Key biochemical methods used to distinguish Mycobacterial group 5/5 (3)

Niacin test: All species of mycobacterium produces Niacin (nicotinic acid) and the Mycobacterium tuberculosis accumulates the most. A positive niacin test provides preliminary evidence that an organism that exhibits a buff-colored, slow-growing rough colony may be M. tuberculosis.

Nitrate Reduction test:  Mycobacterium tuberculosis is a strongly nitrate positive organism. This test is valuable for the identification of M. tuberculosis, M. kansasii, M. szulgai and M. fortuitum.

Rapid growers such as M. fortuitum can be tested within 2 weeks, but slow growers should be tested after 3-4 weeks of luxuriant growth.  Both chemical procedure and commercially available nitrate strips are available. Control strains must be used while performing and interpreting the result.

Catalase test: Semiquantitative catalase test is used for the identification of Mycobacteria. Catalase is an enzyme which splits Hydrogen peroxide to water and oxygen and positive catalase test is indicated by formation of gas bubbles.  Most species of Mycobacteria, except for certain strains of M. tuberculosis complex (Some isoniazid resistant strains) and M. gastri, produce catalase enzyme.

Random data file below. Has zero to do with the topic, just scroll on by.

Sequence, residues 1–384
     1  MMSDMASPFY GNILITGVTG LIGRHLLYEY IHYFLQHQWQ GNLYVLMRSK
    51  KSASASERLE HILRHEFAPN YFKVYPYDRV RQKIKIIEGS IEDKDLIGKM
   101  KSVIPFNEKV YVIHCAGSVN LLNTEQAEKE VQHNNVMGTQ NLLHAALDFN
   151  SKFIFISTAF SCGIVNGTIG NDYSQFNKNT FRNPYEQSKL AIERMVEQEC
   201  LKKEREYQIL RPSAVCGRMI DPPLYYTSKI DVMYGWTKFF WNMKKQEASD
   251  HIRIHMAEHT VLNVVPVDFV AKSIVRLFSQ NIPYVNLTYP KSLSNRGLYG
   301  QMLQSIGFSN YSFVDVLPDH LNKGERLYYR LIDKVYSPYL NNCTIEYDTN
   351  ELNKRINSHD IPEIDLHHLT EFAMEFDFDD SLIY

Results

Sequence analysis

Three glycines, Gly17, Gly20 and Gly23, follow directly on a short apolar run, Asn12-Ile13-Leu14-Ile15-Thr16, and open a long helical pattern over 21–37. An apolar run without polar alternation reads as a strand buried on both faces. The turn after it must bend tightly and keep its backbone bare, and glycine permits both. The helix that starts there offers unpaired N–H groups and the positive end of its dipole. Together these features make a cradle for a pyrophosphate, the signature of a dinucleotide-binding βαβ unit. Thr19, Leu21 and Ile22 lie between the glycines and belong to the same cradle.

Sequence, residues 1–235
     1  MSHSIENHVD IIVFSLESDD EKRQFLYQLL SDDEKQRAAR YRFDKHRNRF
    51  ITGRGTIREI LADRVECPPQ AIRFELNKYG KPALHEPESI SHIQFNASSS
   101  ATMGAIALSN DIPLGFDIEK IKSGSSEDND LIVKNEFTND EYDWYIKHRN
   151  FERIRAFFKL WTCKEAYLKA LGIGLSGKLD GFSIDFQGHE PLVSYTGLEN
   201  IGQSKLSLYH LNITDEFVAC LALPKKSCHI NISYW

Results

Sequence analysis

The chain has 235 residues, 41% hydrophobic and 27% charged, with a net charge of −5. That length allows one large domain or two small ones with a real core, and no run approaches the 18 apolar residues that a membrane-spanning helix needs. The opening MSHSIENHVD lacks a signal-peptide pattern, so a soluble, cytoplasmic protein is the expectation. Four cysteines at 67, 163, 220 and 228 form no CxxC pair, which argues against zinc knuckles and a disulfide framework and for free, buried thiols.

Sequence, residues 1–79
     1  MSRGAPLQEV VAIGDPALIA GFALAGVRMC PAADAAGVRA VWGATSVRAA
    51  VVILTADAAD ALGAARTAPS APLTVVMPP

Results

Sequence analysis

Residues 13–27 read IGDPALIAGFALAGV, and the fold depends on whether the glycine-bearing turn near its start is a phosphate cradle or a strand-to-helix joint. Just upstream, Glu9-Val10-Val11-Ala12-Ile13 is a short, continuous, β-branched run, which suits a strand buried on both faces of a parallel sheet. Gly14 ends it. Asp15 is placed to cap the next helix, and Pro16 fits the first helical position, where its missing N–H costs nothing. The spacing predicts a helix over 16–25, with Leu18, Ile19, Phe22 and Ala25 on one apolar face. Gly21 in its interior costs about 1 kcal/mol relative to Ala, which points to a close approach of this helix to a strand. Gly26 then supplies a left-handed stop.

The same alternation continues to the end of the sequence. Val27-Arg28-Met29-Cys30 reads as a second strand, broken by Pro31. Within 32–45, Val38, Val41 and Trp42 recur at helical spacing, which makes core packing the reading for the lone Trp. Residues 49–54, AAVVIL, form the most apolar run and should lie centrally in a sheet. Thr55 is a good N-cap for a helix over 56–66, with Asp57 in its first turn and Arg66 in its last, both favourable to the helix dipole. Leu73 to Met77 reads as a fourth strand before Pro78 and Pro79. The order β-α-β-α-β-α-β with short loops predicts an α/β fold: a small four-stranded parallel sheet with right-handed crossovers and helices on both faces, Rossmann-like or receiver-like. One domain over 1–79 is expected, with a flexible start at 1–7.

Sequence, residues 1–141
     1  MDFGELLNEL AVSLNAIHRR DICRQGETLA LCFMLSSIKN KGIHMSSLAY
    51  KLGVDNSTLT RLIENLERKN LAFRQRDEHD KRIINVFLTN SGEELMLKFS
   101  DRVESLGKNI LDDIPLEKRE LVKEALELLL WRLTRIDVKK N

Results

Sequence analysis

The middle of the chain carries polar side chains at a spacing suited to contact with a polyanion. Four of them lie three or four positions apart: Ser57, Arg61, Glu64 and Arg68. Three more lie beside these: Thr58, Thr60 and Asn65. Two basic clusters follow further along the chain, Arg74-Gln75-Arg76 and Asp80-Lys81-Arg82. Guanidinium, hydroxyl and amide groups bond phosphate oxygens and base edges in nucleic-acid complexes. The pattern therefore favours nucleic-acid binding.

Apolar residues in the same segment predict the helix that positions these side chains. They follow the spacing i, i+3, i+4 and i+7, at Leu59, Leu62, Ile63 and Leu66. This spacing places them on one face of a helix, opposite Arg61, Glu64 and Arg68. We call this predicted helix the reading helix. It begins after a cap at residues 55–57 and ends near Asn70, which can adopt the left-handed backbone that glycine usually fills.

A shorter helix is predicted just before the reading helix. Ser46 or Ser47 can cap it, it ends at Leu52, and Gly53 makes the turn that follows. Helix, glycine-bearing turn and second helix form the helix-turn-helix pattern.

Tween 80 hydrolysis test: Tween 80 hydrolysis test is used to separate the species of Photochromogens, scotochromogens and nonchromogens. Non pathogenic slow growing scotochromogens and nonchromogens produce a lipase that is able to hydrolyze Tween 80 (the detergent polyoxyethylene sorbitan monooleate) into oleic acid and  polyoxyethylated sorbitol, where as pathogenic species do not.

Tellurite reduction test:  The ability of mycobacterial species to reduce tellurite in 3 to 4 days is used to distinguish members of M. avium complex from most other non-chromogenic species. All rapid growers reduce tellurite in 3 days.

Arylsulfatase test: Arylsulfatase enzyme is present in most mycobacteria. The rate by which arylsulfatase enzyme breaks down phenolphthalein disulfate into phenolphthalein (which forms a red color in the presence of sodium bicarbonate) and other salts is used to differentiate certain strains of Mycobacteria. 3 day arylsulfatase test is used to identify potentially pathogenic rapid growers such as M. fortuitum and M. chelonae. Slow growing M. marinum and M. szulgai are positive in the 14 day arylsulfatase test.


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